Most of Purari culture was left unaltered by the colonial authorities.  They were only interested in suppressing war and cannibalism, both of which were at the core of the Purari religious system.  By the early 1950's, life had become dissatisfying.  Ceremonies were now only family matters and, subsequently, ineffective.  The large villages dispersed into small, isolated settlements.   Traditional marriage practices generally ended because boys were not becoming men and only men could get married.  The kinship system and codes of conduct became vague.  There was a dramatic increase in incest, murder, and suicide--boys were not responsible for adhering to the adult moral code.  Over the next 30 years, the population dropped by 1/3 and rapid acculturation began.

An implication of the Purari Delta case is that when culture contact is so overwhelming as to change important institutions that are cultural focal points, it should be expected that it will set in motion far ranging impacts resulting in the rapid destruction of the old way of life, widespread anomie, and even depopulation.  The elements of culture are interrelated in a way that makes them interdependent, and some elements are more essential to a particular culture than are others.  Changes in these central elements will produce more significant and far ranging effects.  For the Purari people, it was the pairama ceremony and associated cannibalism that proved to be central.

Despite the good intentions of the colonial authorities who stopped cannibalism, the result was ultimately disastrous for the Purari people and their culture.  Far more people died when this practice was eliminated and Purari culture began to collapse.  No doubt, other factors also were involved in this ethnocide click this icon to hear the preceding term pronounced and near genocide click this icon to hear the preceding term pronounced, but the destruction of traditional Purari religious practices in particular knocked out the crucial underpinnings of their society, resulting in the confusion and disillusionment that led to the collapse of their traditional culture.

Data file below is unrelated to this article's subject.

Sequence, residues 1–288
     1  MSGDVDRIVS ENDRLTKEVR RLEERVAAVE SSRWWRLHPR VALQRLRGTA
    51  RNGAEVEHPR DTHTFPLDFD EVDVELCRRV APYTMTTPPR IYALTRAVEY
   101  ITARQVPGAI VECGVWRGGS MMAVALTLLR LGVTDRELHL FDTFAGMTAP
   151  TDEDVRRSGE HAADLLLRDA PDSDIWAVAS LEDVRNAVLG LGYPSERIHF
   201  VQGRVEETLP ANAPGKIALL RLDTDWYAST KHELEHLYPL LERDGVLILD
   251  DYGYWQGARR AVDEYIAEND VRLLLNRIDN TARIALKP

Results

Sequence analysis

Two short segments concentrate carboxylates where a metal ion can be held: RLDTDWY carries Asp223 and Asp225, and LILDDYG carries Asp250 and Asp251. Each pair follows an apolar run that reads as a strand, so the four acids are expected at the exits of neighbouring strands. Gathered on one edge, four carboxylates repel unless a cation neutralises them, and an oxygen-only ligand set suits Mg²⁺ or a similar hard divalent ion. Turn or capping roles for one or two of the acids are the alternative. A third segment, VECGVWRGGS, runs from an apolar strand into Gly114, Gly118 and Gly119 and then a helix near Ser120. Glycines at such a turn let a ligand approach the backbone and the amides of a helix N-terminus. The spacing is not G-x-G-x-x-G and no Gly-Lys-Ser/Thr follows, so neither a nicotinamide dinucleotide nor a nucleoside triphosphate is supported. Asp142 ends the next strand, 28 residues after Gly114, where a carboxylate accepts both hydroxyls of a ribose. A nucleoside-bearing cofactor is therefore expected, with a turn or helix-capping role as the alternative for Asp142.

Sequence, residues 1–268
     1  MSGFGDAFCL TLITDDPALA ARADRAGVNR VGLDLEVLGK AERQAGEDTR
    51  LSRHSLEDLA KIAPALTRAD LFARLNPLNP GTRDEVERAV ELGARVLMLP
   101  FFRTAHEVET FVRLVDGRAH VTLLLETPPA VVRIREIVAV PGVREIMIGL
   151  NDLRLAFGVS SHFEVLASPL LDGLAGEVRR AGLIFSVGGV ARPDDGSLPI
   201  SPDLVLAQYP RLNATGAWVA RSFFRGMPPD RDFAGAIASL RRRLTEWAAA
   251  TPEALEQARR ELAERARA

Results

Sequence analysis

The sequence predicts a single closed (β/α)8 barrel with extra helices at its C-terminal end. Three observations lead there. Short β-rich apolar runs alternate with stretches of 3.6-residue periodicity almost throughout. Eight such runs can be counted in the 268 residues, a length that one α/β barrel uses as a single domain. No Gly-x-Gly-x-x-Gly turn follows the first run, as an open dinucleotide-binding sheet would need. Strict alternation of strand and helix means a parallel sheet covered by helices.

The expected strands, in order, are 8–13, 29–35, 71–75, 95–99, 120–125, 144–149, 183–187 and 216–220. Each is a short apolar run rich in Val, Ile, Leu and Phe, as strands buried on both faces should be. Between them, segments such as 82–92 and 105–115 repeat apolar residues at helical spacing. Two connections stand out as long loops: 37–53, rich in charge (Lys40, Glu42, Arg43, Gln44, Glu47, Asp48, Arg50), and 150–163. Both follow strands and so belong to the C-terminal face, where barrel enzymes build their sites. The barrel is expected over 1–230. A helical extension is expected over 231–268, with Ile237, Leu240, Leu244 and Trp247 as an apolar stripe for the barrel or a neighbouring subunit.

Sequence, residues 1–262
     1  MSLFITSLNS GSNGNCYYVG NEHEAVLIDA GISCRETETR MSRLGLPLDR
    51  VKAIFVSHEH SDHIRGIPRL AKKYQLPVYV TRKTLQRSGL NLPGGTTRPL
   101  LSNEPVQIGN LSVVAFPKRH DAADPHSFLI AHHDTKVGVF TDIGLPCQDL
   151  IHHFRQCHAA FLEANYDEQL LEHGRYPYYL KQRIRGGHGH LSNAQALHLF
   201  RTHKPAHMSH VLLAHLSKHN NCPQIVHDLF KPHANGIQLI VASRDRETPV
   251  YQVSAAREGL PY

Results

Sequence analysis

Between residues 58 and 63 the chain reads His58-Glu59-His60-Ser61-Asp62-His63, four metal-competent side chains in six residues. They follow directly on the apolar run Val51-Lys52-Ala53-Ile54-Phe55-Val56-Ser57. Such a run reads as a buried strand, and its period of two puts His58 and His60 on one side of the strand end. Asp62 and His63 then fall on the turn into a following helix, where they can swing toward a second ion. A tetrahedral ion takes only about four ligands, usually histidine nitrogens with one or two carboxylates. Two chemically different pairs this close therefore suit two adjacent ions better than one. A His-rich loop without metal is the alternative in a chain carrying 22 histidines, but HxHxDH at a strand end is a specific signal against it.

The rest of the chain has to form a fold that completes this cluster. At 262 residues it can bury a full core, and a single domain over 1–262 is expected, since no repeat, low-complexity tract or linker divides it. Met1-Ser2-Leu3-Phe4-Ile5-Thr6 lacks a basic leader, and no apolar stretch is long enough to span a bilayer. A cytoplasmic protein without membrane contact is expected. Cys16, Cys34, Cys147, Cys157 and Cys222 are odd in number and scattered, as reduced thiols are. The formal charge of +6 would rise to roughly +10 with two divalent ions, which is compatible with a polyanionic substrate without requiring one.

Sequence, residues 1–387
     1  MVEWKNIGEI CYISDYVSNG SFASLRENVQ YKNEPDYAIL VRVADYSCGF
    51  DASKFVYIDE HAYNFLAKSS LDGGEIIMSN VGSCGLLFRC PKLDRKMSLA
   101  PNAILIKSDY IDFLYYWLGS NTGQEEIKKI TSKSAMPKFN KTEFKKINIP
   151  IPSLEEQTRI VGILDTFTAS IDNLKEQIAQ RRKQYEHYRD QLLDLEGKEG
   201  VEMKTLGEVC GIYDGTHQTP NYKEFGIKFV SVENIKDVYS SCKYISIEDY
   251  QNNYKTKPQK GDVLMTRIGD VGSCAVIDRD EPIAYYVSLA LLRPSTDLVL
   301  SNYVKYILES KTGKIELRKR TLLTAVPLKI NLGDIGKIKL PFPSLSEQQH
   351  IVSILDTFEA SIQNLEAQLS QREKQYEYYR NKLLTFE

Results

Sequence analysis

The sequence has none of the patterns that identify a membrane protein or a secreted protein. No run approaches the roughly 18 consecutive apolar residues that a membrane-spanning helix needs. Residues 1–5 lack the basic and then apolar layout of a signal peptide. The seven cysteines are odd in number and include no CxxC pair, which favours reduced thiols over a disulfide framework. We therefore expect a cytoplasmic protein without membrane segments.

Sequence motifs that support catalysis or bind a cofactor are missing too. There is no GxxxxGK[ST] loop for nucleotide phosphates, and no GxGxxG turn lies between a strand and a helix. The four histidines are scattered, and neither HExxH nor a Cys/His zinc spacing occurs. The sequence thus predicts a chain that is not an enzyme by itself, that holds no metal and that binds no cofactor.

Not all acculturation is as harmful for indigenous peoples.  If their military domination is more protective than exploitive, indigenous societies can be selective in accepting which alien traits enter their cultures.  For this to happen, it is crucial that outsiders take the time to learn about the cultures of the indigenous peoples they control.  If the key cultural institutions are recognized and left intact, healthy syncretism can occur.   It is the job of applied anthropologists to help in this transition.  They study endangered indigenous cultures in order to gain information needed to prevent disastrous culture change.  They provide this information to both the indigenous peoples and to national governments who often are the sources of change.


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This page was last updated on Friday, July 14, 2006.
Copyright 1997-2006 by Dennis O'Neil. All rights reserved.